Finding The Right Words

I wrote yesterday’s post, in part, so I could get to today’s post. Defining what mental illness is and what living with mental illness is like is important because it offers those who don’t have any frame of reference for what it is like to live with a mental illness a better understanding of the struggle faced by those who do. There is another reason it is important though. Defining what mental illness is makes it easier to point out what mental illness isn’t. The fact is, depression and anxiety, along with other mental health diagnoses such as schizophrenic or bipolar, have entered the common, everyday lexicon that is used to describe typical emotional ranges and behaviors.

Words, like crazy or loony are used too loosely, and sometimes in a somewhat negative context, which only furthers confusion surrounding mental health issues. The usage has become so common that I sometimes find myself using those words inaccurately (i.e. ‘this traffic is crazy’ or ‘this weather is nuts’), despite my desire to be a mental health advocate. When I do my negative self-talk usually starts berating me for being so careless in my word selection, but the truth is that language and habits of speech aren’t going to change overnight. The most we can do is hope to be better about it the next time.

What is more concerning, and what needs to stop yesterday, is when mental illness is used as an insult. Particularly, in this highly polarized political world, mental illnesses are used as an insult to describe those of a different political persuasion (i.e. liberalism is a mental illness, people who voted for Trump must be crazy). First, mental illness isn’t something to be ashamed of, and should never be used as a punch line. Second, such uses only further the negative connotation that so many have with these diagnoses. It is harmful. And it needs to stop. And frankly, it is just lazy. The human language is full of potential insults, so if you really want to insult someone, find another way to do so.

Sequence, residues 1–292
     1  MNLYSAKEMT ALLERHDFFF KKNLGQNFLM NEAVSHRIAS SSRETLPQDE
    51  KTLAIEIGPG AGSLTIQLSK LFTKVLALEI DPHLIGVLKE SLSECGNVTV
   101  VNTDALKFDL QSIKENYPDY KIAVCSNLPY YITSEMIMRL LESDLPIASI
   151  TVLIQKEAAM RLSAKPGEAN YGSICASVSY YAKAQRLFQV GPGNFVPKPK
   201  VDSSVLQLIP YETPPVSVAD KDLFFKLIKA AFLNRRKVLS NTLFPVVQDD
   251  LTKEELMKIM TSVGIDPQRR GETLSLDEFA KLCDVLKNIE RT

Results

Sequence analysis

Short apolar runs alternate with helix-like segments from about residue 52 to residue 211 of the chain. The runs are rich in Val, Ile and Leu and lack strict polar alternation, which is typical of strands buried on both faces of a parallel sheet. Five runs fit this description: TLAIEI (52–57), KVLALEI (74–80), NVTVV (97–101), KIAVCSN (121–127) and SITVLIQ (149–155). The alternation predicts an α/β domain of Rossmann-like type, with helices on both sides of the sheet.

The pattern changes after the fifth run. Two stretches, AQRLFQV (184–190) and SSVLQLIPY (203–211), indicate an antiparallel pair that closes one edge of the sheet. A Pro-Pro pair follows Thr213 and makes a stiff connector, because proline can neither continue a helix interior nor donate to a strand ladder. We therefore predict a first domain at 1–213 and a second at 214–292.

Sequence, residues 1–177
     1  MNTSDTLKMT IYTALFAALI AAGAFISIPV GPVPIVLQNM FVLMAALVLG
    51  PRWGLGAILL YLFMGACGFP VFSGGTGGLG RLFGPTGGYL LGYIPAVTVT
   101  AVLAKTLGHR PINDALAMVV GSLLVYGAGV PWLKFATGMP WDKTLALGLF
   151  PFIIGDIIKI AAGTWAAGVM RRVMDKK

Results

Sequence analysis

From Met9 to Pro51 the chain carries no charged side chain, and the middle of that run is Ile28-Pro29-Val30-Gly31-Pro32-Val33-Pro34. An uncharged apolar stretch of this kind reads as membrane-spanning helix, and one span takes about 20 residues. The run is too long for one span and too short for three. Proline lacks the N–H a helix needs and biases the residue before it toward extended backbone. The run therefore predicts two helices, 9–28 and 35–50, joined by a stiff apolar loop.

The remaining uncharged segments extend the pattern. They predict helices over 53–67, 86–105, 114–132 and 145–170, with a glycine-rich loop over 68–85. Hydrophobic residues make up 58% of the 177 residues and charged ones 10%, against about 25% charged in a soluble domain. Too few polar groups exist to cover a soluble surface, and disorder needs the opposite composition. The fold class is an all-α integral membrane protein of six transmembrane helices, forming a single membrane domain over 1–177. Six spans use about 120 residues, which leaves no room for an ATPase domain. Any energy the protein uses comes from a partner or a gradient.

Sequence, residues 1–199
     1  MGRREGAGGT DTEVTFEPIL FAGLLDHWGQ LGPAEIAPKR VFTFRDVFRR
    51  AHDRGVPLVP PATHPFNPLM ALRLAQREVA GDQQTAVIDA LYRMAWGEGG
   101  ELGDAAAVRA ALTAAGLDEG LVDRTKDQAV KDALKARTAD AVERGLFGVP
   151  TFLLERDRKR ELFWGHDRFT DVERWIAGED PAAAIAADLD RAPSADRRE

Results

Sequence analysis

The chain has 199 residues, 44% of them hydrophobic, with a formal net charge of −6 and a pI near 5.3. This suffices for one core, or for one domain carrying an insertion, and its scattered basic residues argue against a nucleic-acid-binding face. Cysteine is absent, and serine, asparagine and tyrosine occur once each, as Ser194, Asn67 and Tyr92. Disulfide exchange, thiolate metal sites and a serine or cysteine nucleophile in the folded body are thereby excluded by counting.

The Hilarious World of Depression (which if you haven’t checked it out, I highly recommend) recently did an excellent episode on this, which is part of what got me thinking about the issue and part of why I am writing this post. Hopefully, episodes like that one, and posts like this one, can drive the conversation towards a place where mental health terms aren’t used in such hyperbolic ways. Until then, the best we can hope to do is be better for ourselves, and for others who are struggling with actual diagnosable mental health issues.

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